Over the next few weeks we hope to have a series of posts highlighting titles from our Animal Studies list. Yesterday, the list’s editor Wendy Lochner wrote about her interest in the field and in recent days we’ve had three Animal Studies books hit the shelves: Animals as Persons: Essays on the Abolition of Animal Exploitation, by Gary Francione, Philosophy and Animal Life, by Stanley Cavell, Cora Diamond, John McDowell, Ian Hacking, and Cary Wolfe, and Zoographies: The Question of the Animal from Heidegger to Derrida, by Matthew Calarco.
We also recently published A Communion of Subjects: Animals in Religion, Science, and Ethics. One the book’s editors, Paul Waldau, recently wrote an essay for The Dallas Morning News. The essay begins with a discussion of the media attention surrounding the Chihuahua who joined in the daily prayers at a Buddhist temple in Japan. Waldau then considers the continuing fascination individuals and scholars have had regarding the relationship between animals and religion. Here is an excerpt from his essay “Religion and Other Animals”:
The debate over whether or not our animal neighbors can be “religious” is but one issue in the growing field of religion and animals. In the last decade, the field has also illuminated the significant roles played by religious traditions in our learning about and treatment of other living beings….This scholarly work emerges into a context where humans’ attitudes toward our cousin animals are more multifaceted than ever. At times, some humans seem driven by a refusal to inquire about the nonhuman lives within and near their communities. This refusal is evident in food practices, where many encounter animals most frequently. At the same time, more households in the United States today have companion animals than have children. Polls consistently indicate that an astonishing number of people–in some cases more than ninety-nine percent–hold their dog or cat to be a “family member.”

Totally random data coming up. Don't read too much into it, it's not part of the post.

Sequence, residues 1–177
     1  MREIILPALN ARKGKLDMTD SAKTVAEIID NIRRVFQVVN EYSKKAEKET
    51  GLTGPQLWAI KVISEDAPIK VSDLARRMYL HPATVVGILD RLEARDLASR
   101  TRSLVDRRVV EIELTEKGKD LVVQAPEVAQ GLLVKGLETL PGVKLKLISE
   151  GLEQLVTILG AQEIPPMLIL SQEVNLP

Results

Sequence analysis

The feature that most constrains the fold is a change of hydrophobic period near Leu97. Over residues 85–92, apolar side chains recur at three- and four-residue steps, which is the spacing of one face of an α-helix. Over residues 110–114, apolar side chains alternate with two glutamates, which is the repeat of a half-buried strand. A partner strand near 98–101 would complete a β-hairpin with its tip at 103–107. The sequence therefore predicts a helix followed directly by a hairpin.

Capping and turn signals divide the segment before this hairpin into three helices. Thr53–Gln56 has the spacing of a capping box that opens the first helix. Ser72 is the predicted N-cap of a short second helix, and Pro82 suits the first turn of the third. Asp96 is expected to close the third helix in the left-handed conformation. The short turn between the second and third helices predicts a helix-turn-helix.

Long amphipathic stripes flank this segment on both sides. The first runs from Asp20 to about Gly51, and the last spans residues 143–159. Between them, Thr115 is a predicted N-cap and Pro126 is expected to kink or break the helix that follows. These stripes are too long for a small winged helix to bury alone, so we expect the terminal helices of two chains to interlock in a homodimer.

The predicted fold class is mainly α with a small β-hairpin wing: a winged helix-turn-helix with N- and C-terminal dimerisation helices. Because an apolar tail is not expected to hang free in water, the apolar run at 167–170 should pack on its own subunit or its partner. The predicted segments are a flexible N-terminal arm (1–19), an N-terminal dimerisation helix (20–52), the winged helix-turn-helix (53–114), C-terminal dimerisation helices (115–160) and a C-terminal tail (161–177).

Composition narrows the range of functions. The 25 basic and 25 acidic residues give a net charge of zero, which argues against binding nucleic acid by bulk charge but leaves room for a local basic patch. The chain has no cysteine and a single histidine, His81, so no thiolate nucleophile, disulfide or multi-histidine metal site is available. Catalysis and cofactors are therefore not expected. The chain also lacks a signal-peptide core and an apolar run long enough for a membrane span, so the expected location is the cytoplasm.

Communities of faith are among the institutions that are most responsive to the complex connections between humans and other animals. One increasingly finds that contemporary religious communities have reinstituted the ancient practice known often as “blessing of the animals.” Some communities of faith are quite creative in recognizing the pastoral value of concerns for their members’ interactions with nonhumans–some offer worship services in which believers can bring their nonhuman companions, and others provide grief counseling when a nonhuman family member dies.
Theologian Thomas Berry suggests, “We cannot be truly ourselves in any adequate manner without all our companion beings throughout the earth. The larger community constitutes our greater self.” Growing awareness of “religion and animals,” both scholarly and practical, opens the door to a fundamental question faced by people of divergent faiths–who will humans acknowledge as constitutive of their greater selves?